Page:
For example, in August 2014, representatives of illegal armed groups detained a Protestant pastor Oleksandr Khomchenko after a prayer on the square in the city of Donetsk. He was accused of organizing unauthorized gatherings, supporting the Ukrainian Army and involving people into a cult. The kidnappers made it clear that “there should be only one religion on this land”. The pastor spent four days in prison and suffered severe bodily injuries after brutal beatings and strangulation.
Here is how he tells of this experience: “They hung me up for a hook and put a gas mask on me. They clenched a hole at the end of the tube, blocking the air stream so I could not breathe. When I was unconscious they opened the hole and covered it with a cloth soaked in ethanol. I did a deep breath, because I was on the brink of loss of consciousness, and I felt a fire in my chest. I coughed and gasped from lack of fresh air, and then they began to beat me again with batons on my chest and back, which was repeated over and over again”.
Unfortunately, torture greatly undermined the health of pastor Oleksandr Khomchenko, and in February 2018 he died.
The magnitude and intensity of persecution on religious grounds, which was recorded by human rights defenders, indicates that crimes against humanity are occurring in the occupied territories of Donetsk and Luhansk oblasts in accordance with the definition of international humanitarian law. As a result of this conscious policy, most clergy, together with their families, left the region. Those who are left are forced to undergo worship underground.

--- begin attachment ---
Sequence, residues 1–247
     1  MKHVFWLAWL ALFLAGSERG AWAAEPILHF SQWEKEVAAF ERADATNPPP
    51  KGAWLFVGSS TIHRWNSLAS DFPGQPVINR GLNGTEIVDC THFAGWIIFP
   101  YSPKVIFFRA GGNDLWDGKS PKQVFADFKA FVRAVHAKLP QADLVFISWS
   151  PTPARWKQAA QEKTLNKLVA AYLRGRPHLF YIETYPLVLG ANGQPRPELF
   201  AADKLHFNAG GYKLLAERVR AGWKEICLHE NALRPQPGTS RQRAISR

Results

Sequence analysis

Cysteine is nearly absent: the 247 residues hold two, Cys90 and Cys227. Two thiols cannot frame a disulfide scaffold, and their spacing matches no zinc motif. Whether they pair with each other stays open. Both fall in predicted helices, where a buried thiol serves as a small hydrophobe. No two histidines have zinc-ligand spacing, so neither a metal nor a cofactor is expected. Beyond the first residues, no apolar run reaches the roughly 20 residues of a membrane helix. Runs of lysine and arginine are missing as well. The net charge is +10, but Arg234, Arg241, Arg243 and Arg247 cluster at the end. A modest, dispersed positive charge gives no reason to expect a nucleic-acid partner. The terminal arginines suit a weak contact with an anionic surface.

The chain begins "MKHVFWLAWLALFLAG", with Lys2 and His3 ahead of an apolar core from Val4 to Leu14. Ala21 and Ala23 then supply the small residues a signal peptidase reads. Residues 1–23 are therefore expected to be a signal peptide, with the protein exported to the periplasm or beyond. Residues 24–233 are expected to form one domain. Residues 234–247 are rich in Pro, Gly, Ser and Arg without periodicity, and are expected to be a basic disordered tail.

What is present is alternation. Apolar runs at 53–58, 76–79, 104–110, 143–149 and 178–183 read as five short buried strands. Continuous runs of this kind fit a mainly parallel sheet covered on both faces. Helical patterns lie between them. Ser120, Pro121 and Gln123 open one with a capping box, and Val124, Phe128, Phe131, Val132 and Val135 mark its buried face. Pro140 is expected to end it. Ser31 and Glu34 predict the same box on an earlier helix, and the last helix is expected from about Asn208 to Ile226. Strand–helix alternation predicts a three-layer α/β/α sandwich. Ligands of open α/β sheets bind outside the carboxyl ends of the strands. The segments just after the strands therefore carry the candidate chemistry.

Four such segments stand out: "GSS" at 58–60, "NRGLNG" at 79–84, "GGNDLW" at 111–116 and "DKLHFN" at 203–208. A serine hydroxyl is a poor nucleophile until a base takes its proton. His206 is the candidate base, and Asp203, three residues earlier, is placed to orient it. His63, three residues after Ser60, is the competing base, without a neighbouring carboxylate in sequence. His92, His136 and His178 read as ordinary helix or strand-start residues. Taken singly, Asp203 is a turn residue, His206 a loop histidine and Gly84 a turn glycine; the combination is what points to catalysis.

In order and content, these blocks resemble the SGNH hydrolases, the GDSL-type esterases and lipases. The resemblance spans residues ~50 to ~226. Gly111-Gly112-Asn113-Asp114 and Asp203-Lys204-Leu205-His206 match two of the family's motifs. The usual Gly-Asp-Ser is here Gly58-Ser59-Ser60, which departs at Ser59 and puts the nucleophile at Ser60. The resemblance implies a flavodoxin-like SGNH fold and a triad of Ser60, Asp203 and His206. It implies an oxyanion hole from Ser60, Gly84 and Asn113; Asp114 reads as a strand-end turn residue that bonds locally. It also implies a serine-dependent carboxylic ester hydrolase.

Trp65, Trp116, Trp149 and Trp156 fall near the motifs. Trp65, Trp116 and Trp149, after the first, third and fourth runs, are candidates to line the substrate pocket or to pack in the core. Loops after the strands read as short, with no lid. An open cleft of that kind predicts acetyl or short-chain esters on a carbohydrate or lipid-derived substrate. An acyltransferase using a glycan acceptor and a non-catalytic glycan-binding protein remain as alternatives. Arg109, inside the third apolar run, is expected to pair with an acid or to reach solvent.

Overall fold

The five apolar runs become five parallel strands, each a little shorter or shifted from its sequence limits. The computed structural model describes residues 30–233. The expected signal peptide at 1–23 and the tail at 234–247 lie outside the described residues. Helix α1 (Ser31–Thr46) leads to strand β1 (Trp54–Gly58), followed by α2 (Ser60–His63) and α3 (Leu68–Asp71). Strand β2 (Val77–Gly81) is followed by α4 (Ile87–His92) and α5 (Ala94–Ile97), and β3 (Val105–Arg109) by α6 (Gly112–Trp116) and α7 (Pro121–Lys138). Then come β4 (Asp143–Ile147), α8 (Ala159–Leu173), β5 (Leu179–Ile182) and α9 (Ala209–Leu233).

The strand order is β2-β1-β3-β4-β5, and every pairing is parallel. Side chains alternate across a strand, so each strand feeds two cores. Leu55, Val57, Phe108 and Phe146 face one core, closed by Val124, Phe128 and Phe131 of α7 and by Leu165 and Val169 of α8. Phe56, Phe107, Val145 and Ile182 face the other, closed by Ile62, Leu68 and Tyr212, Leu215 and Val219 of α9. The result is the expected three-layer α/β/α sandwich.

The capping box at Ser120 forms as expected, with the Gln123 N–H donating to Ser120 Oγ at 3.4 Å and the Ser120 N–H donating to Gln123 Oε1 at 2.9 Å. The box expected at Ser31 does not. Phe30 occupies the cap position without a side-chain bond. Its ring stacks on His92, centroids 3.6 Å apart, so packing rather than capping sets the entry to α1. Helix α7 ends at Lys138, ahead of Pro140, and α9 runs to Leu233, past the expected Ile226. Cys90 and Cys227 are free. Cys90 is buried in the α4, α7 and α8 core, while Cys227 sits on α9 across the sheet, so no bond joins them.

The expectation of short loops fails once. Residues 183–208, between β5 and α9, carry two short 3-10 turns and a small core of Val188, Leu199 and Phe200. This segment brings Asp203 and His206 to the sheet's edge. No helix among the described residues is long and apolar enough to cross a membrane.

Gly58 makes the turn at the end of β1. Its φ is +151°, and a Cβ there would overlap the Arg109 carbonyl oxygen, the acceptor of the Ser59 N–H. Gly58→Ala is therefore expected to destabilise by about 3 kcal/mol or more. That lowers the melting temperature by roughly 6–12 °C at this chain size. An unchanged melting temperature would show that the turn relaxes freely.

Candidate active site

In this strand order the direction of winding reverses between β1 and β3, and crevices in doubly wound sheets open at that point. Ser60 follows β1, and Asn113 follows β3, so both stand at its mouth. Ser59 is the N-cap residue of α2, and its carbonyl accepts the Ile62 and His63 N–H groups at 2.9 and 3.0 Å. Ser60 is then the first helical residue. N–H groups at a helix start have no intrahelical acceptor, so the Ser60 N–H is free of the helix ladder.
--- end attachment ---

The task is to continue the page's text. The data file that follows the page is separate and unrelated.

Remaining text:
A new challenge for freedom of religion was the demand of illegal armed groups for the mandatory re-registration of religious organizations. Failure to comply with this requirement entails criminal liability. A total ban on the activities of religious groups was also introduced, which includes all communities of believers not belonging to the circle of “traditional faiths”, the list of which is indeterminate.
It is necessary to state that in the occupied territories of Donetsk and Luhansk oblasts, most religious communities have ceased to exist, and freedom of thought and expression, conscience and religion is absent as a phenomenon.
In view of the above, human rights organizations in Ukraine ask you to initiate a public report on the state of freedom of thought and expression, conscience and religion in the occupied Crimea and in certain territories of the Donetsk and Luhansk oblasts under the control of the Russian Federation in order to submit it to a specially organized United States congressional hearing.
The human rights organizations of Ukraine are ready to provide all necessary support for the preparation of such a report.
Center for Civil Liberties
Institute for Religious Freedom
Ukrainian Helsinki Human Rights Union
“Hushai“ Association of Christian Lawyers NGO
Open Dialog Foundation
Christian Rescue Service NGO
Luhansk oblast Human Rights Centre “Alternative”
Human Rights Information Center
City Assistance Center NGO
Kharkiv Human Rights Protection Group
Center of religious science research and international spiritual relations
Association of the Relatives of the Kremlin’s Political Prisoners
Crimean Human Rights Group
Association of Christian Lawyers of Ukraine NGO